Sunday, May 5, 2019

Surprise After Surprise: Blue Grosbeak on the Tuolumne River

It's one of rarest and most precious of my local bird sightings: A Blue Grosbeak (Passerina caerulea). Until yesterday I had only seen three of them, all in one place, Ceres River Bluff Regional Park, over a period of just three days last summer. And someone else actually found the birds; I was following field directions just for the chance to see them. And that's it. Until yesterday, only two individuals had been sighted in Stanislaus County this entire year.

It's not hard to understand why. My county (Stanislaus) is relatively close the northern boundary of their normal range (although warming climate seems to be allowing them to expand their territory northward). The bird is a tropical migrant, so they are only around during the spring and summer.

So yesterday was the Global Big Day, where about 30,000 birders searched out and identified about two-thirds of all the bird species in the world (in case you wonder, that's around 6,700 out of 10,500 known species). I was out doing my part; Mrs. Geotripper and I set out into the prairies north and east of our town and identified birds at seven different locations (that's what we do for "recreation"). We found 47 species in total, but the biggest surprise was close to the end of the day. We were at the Robert's Ferry Bridge on the Tuolumne River in the Sierra Nevada foothills. We were checking on the Osprey and Great Horned Owl nests that we had seen several months back (Ospreys were there, the owl was not), when I saw a Bobcat wandering the bank of the river. I got one shot (below), and calmed down for a moment (I've only seen them in the wild three times). I then started counting birds again when a blue and chestnut colored bird flew through my field of view. The colors said "Western Bluebird", but I wanted to confirm, so I zoomed in on the bush, and my jaw dropped. It was a Blue Grosbeak!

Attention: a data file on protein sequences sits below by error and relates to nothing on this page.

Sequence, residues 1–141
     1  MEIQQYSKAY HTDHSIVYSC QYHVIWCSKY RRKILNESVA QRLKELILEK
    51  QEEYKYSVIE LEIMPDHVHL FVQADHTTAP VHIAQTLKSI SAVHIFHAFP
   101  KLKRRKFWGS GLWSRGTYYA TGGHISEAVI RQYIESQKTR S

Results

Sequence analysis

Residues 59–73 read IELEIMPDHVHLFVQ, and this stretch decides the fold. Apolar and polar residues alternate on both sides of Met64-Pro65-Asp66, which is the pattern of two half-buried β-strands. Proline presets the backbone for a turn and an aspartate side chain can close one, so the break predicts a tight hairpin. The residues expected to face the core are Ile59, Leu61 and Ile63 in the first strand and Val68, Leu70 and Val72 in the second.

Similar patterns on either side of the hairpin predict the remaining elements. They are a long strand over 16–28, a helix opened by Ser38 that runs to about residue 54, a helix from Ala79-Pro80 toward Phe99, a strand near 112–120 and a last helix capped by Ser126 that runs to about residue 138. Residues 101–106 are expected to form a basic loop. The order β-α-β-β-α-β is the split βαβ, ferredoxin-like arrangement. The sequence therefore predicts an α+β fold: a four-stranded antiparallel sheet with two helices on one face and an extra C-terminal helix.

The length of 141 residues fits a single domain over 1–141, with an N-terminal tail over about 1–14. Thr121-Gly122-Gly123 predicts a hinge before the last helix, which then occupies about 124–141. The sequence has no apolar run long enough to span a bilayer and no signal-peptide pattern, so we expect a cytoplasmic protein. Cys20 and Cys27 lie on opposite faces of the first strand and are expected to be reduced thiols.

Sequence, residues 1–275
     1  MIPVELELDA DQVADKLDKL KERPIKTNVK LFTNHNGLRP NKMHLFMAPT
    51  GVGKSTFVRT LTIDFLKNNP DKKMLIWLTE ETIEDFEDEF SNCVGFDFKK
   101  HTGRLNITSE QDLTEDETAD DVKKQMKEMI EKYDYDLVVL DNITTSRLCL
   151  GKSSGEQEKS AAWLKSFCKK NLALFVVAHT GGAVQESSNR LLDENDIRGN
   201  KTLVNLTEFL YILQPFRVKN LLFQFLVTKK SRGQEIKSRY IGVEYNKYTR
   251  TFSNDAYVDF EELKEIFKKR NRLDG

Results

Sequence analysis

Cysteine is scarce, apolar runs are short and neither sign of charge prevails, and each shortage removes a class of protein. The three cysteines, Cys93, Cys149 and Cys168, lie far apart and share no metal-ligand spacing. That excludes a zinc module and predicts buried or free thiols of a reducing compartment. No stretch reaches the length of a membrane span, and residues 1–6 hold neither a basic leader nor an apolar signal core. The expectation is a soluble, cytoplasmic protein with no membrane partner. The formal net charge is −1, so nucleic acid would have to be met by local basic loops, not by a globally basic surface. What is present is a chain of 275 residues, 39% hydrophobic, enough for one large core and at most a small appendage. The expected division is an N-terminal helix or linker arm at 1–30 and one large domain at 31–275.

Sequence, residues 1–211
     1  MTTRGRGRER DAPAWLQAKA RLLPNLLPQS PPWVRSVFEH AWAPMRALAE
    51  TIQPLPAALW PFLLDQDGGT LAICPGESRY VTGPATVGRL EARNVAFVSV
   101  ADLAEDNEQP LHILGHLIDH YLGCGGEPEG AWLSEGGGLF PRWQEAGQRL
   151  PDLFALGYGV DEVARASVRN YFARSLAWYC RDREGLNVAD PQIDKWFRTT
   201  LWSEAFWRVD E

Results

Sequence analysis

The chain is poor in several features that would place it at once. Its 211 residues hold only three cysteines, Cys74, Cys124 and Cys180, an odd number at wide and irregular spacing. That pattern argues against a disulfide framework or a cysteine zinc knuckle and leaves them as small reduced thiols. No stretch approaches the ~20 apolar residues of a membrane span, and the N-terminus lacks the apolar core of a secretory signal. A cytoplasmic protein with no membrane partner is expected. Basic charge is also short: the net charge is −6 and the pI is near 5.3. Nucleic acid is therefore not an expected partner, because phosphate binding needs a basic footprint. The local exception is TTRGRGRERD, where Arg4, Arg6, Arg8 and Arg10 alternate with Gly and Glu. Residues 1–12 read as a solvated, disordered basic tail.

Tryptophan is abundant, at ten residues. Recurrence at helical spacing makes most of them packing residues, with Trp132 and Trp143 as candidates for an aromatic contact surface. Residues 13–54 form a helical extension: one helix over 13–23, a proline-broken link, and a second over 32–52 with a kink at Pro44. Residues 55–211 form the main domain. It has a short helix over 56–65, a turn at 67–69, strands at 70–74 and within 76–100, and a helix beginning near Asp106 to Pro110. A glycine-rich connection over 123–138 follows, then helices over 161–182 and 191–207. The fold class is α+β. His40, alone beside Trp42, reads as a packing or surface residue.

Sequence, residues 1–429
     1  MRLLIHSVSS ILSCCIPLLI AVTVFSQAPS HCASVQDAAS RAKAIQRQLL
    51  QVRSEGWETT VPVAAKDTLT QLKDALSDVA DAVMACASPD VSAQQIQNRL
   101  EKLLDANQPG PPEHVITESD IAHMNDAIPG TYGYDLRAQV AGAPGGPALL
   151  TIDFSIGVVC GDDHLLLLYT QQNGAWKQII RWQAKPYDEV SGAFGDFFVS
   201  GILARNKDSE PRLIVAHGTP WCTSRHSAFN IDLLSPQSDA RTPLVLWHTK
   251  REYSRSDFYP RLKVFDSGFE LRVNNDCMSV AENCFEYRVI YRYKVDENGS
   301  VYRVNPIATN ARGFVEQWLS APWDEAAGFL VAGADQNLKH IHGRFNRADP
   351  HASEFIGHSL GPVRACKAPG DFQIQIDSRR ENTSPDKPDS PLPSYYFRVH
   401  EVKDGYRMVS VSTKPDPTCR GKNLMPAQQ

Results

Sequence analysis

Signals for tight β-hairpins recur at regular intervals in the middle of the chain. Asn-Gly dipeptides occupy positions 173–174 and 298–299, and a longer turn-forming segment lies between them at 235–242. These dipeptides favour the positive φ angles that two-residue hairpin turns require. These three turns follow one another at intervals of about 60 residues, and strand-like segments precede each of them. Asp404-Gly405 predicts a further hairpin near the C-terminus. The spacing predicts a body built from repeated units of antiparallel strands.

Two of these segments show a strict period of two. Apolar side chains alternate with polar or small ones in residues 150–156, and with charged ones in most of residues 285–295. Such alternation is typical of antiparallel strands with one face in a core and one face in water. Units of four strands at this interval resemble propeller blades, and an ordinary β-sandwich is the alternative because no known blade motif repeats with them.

The bird seemed to be having an argument with a Western Kingbird, and I got a shot of the two of them together. After a few moments it flew off westward (hopefully about 8 miles, so I can see it along the Tuolumne River Trail too).

Those were the two biggest surprises of a day that was filled with some neat surprises. It was a lot of fun contributing to citizen science efforts like the Global Big Day. The additional vigilance added to the number of Blue Grosbeak sightings. There are now 5 or 6 known individuals in the county.

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